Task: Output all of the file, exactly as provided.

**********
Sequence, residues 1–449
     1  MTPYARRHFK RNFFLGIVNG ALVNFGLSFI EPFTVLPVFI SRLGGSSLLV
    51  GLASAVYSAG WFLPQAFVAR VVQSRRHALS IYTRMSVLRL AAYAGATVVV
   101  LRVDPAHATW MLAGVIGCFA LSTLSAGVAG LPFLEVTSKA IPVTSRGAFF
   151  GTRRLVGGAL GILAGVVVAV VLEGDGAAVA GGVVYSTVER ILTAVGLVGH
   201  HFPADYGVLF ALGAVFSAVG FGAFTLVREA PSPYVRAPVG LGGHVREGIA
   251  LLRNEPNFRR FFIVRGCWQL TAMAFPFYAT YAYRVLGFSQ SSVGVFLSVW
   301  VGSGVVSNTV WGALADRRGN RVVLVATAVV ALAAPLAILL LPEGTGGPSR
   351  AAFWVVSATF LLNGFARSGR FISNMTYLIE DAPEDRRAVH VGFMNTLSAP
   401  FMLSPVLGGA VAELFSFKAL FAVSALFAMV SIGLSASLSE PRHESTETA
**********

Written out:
Sequence, residues 1–449
     1  MTPYARRHFK RNFFLGIVNG ALVNFGLSFI EPFTVLPVFI SRLGGSSLLV
    51  GLASAVYSAG WFLPQAFVAR VVQSRRHALS IYTRMSVLRL AAYAGATVVV
   101  LRVDPAHATW MLAGVIGCFA LSTLSAGVAG LPFLEVTSKA IPVTSRGAFF
   151  GTRRLVGGAL GILAGVVVAV VLEGDGAAVA GGVVYSTVER ILTAVGLVGH
   201  HFPADYGVLF ALGAVFSAVG FGAFTLVREA PSPYVRAPVG LGGHVREGIA
   251  LLRNEPNFRR FFIVRGCWQL TAMAFPFYAT YAYRVLGFSQ SSVGVFLSVW
   301  VGSGVVSNTV WGALADRRGN RVVLVATAVV ALAAPLAILL LPEGTGGPSR
   351  AAFWVVSATF LLNGFARSGR FISNMTYLIE DAPEDRRAVH VGFMNTLSAP
   401  FMLSPVLGGA VAELFSFKAL FAVSALFAMV SIGLSASLSE PRHESTETA